The Florence Files: Middle Class Linen Gamurra 
Recreated by La Signora Onorata Katerina da Brescia.

Item - a gamurra/ kirtle of lavender linen garded with amarnate* cotten, lined with canvas, in the middle class Florentine style. (1580's)

This piece of garb was originally intended for 'more period whenching garb' for the annual Wayward Tavern Feast. Also intended for tourney and camping garb, it was meant to be practicle and cool, for summer wear. While wool was a more popular for outer garments in the 1500's, I had read about linen being used for infants outerwear (Dress in the Middle Ages, p22) and 15th century inventories (Florence countryside) state fabrics of vegetable fibres were used to maker outer garments (Dress in the Middle Ages p 44). Faustian (cotton and linen) being made in Northern Italy ('Faustian-a-Napes' was used in Elizabethan England - QEWU). Faustian was used for "doublets and for making summer outergarments" (Dress in the Middles Ages, p 23). Queen Elizabeth's Wardrobe Unlock'd also mentions Faustian being used to make doublets. So, as wool and I do not agree, I decided to make cool linen garb for the Innilgard hot summers (often over 35- 45 deg. Celcius).

Main inspiration came from Vincenzo Campi's paintings of Middle class Italy, in the late 1500's. The Fruit Seller (upper left) shows front gards similar in pattern to those I used. The Kitchen Scene (upper right) shows the back garding. This painting also shows back lacing which I normally employ in my garb. However, as I was intending on using this for camping garb also, it had to be easily put on by myself. Front lacing was easier for this. Examples of front lacing can be seen (left) in a painting, attributed to Campi, called Christ in the House of Mary and Martha. The woman in the background right, of the Fruit Seller could also possibly have a front laced gamurra. Pietro Ronzelli's Nativita di Maria (below left) also shows front lacing as well as the contrasting garding (Florentine). All portraits show examples of partlets being worn with the middleclass 'outfit'. This is 'ladder laced'.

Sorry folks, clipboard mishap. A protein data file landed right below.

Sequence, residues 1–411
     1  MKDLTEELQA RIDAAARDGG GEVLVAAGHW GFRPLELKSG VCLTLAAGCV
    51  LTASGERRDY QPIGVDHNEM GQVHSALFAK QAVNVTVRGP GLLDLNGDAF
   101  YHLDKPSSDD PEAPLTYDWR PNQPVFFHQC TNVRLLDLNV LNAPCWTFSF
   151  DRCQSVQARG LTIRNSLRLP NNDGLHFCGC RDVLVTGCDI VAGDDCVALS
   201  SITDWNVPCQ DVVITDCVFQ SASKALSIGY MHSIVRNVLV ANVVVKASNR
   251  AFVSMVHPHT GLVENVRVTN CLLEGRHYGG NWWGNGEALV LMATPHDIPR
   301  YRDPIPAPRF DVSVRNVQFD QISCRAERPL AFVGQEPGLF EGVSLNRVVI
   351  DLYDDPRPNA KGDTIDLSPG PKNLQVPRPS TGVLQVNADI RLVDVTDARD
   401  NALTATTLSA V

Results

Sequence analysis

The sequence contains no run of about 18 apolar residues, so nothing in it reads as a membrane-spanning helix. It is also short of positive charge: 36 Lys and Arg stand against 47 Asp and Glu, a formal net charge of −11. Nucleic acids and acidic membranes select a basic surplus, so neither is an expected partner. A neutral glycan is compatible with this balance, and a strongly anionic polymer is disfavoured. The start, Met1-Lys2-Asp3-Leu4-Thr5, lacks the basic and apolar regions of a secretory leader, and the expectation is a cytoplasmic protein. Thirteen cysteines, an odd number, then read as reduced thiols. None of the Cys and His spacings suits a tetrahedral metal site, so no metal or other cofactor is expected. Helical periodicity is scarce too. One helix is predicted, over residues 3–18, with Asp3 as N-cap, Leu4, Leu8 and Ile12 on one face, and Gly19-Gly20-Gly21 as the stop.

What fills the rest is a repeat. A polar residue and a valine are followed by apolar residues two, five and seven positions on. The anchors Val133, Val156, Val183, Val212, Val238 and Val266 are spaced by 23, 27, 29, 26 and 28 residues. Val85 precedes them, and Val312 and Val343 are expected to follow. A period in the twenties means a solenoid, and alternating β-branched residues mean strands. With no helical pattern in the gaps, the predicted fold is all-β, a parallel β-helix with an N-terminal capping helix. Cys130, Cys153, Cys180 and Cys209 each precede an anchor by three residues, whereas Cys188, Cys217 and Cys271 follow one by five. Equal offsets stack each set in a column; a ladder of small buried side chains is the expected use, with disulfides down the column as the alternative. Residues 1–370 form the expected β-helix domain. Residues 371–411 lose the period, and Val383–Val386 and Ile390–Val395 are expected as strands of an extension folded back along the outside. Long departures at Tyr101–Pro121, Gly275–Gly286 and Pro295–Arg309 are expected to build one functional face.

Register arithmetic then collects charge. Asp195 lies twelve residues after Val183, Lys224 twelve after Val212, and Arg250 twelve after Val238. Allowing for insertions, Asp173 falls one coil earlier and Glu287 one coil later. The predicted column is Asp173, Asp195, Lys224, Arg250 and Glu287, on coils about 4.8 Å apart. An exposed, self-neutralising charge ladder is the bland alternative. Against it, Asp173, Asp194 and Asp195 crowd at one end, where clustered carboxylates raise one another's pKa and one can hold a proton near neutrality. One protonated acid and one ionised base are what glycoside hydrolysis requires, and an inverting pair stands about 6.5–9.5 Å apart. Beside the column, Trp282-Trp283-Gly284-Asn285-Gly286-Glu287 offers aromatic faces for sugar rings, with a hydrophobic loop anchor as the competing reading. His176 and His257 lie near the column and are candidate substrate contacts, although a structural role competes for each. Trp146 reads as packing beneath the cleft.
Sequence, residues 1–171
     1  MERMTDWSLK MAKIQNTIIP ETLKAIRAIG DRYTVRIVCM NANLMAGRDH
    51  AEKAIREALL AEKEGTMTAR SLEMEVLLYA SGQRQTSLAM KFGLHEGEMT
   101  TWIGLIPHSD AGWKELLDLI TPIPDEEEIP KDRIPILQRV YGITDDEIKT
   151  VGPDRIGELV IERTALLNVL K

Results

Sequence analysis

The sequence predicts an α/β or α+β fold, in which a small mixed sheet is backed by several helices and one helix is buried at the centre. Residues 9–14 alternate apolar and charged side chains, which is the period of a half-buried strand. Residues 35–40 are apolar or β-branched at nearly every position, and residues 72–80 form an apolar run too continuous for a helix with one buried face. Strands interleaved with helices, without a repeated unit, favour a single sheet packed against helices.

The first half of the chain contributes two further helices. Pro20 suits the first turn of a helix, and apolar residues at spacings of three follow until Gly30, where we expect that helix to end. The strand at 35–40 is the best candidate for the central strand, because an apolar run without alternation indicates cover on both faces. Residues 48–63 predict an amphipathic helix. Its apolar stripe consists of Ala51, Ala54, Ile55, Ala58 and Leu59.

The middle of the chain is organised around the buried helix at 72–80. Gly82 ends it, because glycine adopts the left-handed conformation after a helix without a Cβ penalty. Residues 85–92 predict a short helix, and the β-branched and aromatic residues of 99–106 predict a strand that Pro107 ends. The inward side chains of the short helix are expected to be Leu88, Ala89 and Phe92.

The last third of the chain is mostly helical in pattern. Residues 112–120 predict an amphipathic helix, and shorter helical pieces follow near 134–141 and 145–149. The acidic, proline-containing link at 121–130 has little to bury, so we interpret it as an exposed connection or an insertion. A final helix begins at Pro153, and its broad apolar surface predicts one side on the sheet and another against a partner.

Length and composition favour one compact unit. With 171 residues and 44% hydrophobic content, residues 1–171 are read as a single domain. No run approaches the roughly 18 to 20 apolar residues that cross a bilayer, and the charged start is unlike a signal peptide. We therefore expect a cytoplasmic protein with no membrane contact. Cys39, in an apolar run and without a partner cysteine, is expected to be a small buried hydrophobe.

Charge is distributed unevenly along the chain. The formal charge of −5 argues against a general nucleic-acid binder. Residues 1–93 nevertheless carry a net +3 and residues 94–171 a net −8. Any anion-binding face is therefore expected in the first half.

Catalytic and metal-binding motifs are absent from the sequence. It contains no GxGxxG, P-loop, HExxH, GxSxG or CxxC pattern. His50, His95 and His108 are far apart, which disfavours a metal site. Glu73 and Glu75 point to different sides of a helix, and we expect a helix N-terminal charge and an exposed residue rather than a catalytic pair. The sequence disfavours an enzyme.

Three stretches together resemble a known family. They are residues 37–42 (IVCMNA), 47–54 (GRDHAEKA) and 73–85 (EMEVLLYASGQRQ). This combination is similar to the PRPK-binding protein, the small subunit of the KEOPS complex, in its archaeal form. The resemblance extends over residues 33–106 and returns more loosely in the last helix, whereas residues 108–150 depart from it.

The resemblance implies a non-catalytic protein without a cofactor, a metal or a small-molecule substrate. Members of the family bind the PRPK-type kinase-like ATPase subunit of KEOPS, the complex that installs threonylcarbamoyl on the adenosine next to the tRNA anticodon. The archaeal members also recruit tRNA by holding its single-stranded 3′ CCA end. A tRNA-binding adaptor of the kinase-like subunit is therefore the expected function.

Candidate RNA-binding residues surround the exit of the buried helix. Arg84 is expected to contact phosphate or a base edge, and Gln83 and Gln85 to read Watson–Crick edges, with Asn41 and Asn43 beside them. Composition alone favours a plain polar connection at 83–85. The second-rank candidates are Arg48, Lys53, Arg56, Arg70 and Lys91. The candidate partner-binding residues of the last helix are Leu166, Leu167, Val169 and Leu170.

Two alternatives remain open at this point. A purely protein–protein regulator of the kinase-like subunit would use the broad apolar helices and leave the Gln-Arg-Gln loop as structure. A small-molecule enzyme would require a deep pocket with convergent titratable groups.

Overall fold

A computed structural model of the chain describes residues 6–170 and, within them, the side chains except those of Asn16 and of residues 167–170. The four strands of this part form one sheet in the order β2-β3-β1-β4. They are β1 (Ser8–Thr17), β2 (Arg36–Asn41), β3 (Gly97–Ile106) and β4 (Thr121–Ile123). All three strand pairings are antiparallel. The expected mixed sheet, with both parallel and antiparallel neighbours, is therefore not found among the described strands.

Below are closer examples of the garding. Cartridge pleating can also be seen, in The Fruit Seller (below right) to attatch the skirt to the upper body.I thought also interesting to note the woman who has tied her sleeves behind her back to keep them out to the way while working.

My Interpretation:

This piece of tourney garb is practicle and cool, in linen.The upper bodies were made with front lacing for ease of use. It was lined with canvas and linen. The gards were made from bias-cut strips of cotton drill (this was a budget outfit. Luckily I had managed to get the linen on sale) which were hand sewn onto the gown. The skirt was cartridge pleated to the upper bodies. In an effort to keep the bodies flat, without wearing a corset, I tried a method used on the Festive Atyre website. This was a new method to me and seems to work reasonably well.
Left is the finished outfit. There was enough material to make a matching, summer outfit for Morgan (aged 2 1/2 years, here). Below are details of the garding. The apron was copied from The Kitchen Scene, being a dark bluish colour. Linen was quoted as being used for these protective coverings (Dress in the Middle Ages, p 22)

The finished outfit and linen 'apron' worn at the Wayward Tvern Feast, December, 2003.

I must give credit to the wonderful work at the Festive Atyre - which was a source of information and inspiration to me.

Piponnier, Francoise & Mane, Perrine Dress in the Middle Ages, Yale University Press, New Haven, 1997. ISBN: 0-300-08691-1

Arnold, Janet. Queen Elizabeth's Wardrobe Unlock'd.

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